Analyzing awareness of MidoNet globally

One thing that is hard to measure in open source projects is just how aware people are of your community or its software. It's even harder to find out where in the world people have heard about you so far. You might have a rough feeling, probably based on some facts like the country-specific TLDs of email addresses on your mailing lists. But that's very vague and only includes people actively participating (and there's more and less vocal people, too).

One approach is to check the hits your repository or website is getting. What most people hearing about something for the first time are doing nowadays is quickly check out that something's website. So it's a perfect way to measure where people have at least heard of you!

There's a couple of ways to do this. One way is tracking the IPs that hit your webserver and turn them into a geographical location. Another way is leveraging tools like Google Analytics that you can build into your website. Today, we'll have a brief look at the results for those analytics for, from November 1 until August 31. The data used below is showing numbers of sessions, where a session is defined as starting with the first page impression by a user and ends 30 minute after the user's last page impression. The total duration doesn't matter as much as the fact that any page impressions in between the first and last in a single session are still counting to the same, single session.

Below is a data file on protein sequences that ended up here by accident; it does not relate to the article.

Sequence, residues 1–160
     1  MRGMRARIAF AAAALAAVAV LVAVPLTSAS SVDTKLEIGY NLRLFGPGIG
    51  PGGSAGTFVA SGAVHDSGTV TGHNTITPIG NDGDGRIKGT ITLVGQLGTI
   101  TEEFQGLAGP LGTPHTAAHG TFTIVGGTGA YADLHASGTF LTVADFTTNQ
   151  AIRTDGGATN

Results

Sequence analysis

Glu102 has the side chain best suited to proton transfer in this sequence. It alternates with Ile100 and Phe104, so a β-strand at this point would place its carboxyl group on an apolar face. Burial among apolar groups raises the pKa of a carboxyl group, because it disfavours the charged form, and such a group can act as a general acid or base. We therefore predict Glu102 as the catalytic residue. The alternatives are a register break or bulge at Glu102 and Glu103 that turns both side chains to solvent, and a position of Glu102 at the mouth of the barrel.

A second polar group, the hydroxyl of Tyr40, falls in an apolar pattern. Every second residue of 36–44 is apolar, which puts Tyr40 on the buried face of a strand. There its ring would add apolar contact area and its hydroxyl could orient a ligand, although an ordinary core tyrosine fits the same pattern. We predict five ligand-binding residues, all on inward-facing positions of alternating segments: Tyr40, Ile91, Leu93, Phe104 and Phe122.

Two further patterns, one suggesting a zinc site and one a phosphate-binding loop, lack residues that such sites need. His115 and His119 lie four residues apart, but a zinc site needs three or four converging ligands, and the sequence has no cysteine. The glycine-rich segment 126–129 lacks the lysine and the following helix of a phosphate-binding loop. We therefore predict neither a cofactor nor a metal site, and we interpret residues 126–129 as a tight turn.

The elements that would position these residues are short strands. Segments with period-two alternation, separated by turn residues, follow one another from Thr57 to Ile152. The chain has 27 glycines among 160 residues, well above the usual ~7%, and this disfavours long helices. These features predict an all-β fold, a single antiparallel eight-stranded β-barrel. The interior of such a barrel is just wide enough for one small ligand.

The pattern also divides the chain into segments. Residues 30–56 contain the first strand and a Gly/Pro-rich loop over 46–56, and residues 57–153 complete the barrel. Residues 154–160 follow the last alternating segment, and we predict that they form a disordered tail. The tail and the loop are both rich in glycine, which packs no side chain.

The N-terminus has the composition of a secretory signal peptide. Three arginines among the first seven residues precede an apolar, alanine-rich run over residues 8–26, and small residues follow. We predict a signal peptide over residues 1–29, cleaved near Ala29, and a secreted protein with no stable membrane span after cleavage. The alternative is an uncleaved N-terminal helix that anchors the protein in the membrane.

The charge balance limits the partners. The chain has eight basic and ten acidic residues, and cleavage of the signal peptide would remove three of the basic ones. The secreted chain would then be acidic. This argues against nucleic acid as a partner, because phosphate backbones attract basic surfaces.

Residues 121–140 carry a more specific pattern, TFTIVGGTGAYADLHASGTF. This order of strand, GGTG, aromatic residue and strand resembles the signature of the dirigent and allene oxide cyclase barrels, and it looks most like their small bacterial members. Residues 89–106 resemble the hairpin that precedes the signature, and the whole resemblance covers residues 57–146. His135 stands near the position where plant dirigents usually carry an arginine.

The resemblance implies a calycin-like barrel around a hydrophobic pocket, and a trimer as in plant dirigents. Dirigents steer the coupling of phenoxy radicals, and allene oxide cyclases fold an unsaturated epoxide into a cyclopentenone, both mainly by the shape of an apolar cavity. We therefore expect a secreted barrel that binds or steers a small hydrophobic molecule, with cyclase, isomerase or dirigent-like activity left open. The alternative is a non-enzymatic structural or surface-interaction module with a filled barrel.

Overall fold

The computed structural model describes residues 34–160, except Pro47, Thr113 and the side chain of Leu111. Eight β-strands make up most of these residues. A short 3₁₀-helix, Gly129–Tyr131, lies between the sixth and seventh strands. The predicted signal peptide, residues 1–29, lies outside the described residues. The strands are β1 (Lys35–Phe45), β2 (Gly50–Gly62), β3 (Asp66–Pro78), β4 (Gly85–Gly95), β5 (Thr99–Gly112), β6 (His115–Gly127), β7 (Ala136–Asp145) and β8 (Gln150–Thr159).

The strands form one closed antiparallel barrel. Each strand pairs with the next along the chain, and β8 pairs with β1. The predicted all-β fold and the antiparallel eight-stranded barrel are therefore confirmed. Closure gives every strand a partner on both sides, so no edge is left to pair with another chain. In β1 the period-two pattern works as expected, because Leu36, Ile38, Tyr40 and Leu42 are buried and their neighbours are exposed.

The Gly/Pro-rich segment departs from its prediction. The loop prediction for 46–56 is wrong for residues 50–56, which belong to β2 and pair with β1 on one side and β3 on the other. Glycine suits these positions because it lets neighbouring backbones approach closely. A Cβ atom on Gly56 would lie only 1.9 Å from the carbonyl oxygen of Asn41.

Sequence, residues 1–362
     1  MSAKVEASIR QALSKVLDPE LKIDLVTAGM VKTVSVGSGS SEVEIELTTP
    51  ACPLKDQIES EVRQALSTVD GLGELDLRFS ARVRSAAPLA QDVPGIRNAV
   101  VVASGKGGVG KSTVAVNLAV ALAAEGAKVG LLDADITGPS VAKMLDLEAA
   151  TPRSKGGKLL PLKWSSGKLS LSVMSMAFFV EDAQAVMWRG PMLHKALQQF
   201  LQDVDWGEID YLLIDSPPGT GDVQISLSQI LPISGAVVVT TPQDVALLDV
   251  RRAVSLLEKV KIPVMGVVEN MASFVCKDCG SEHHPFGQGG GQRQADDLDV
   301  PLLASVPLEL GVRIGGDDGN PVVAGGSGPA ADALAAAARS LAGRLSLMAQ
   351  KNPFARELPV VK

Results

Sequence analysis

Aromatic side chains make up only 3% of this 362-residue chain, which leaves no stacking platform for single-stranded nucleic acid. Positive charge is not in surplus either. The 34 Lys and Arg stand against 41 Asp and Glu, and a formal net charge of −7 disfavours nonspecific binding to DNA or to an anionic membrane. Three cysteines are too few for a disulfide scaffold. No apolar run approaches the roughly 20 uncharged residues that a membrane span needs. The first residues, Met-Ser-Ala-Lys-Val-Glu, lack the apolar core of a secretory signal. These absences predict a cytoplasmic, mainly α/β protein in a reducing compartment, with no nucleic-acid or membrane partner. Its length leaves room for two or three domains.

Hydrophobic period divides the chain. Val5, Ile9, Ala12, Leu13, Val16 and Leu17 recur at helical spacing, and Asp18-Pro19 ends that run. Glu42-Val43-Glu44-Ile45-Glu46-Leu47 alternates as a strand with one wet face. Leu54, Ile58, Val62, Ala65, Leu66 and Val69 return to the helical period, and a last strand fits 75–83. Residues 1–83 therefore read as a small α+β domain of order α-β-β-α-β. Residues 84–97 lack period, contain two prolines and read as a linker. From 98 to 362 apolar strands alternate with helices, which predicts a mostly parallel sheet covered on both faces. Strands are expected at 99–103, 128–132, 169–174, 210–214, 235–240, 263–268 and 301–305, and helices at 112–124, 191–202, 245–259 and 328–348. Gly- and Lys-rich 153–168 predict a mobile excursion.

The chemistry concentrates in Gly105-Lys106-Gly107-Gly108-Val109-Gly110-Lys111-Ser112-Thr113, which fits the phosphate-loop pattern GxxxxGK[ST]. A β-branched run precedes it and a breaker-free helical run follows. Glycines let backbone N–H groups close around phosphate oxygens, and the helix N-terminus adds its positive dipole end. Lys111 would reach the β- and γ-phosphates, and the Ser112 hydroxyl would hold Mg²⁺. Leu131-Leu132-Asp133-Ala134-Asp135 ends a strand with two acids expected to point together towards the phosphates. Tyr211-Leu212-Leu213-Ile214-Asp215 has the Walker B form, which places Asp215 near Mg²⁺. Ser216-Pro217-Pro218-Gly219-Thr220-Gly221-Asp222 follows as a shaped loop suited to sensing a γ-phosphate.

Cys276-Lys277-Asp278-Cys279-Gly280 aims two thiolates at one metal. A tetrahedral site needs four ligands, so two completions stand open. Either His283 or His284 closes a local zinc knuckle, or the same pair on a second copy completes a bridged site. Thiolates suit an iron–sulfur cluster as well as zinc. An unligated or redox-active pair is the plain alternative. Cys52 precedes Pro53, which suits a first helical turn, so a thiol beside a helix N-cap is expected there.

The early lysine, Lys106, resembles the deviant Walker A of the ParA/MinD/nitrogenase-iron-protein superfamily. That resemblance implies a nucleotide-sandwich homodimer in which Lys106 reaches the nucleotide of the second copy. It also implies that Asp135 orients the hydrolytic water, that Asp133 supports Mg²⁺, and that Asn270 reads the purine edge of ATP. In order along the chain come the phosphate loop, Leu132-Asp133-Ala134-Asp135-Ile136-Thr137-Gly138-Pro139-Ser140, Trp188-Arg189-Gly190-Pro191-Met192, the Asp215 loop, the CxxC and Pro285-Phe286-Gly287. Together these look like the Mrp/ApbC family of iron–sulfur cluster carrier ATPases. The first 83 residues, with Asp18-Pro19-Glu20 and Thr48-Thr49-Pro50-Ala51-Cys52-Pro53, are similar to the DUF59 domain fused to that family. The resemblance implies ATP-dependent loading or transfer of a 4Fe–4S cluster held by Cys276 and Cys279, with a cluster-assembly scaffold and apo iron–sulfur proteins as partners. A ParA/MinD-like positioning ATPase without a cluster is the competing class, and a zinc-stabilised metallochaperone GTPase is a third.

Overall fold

Sessions per Country
If you would have given me a map of the world and asked me to color all the countries where I think people have heard of MidoNet, I would have colored the USA and Canada, Europe (minus some South-Eastern parts), East Asia (minus North Korea and Mongolia), Russia and Australia. Again, that's mostly based on where I see activity coming from, plus where I know MidoNet has been presented at some conference or meetup.

However, to my surprise, we've actually seen visitors from many more countries! People are aware of MidoNet almost globally! As you can see on the image below, the map is mostly blue. You can also see, that my expectations weren't totally off the mark as most of the countries I would have colored have a darker hue, indicating more sessions.

Looking at full list of countries reveals that we've had visitors from a total of 122 countries! Admittedly, we've only seen a single session from many of those but it still looks promising. Looking at the top 20 countries by number of sessions, my gut feelings are once more by and large confirmed:
  1. United States
  2. Japan
  3. Russia
  4. China
  5. Spain
  1. South Korea
  2. India
  3. France
  4. Germany
  5. Canada
  1. United Kingdom
  2. Australia
  3. Taiwan
  4. Italy
  5. Brazil
  1. Netherlands
  2. Switzerland
  3. Vietnam
  4. Finland
  5. Norway
Of those, only just Brazil and Vietnam surprised me a little bit, but not enough to go dig for the reasons.

Sessions by City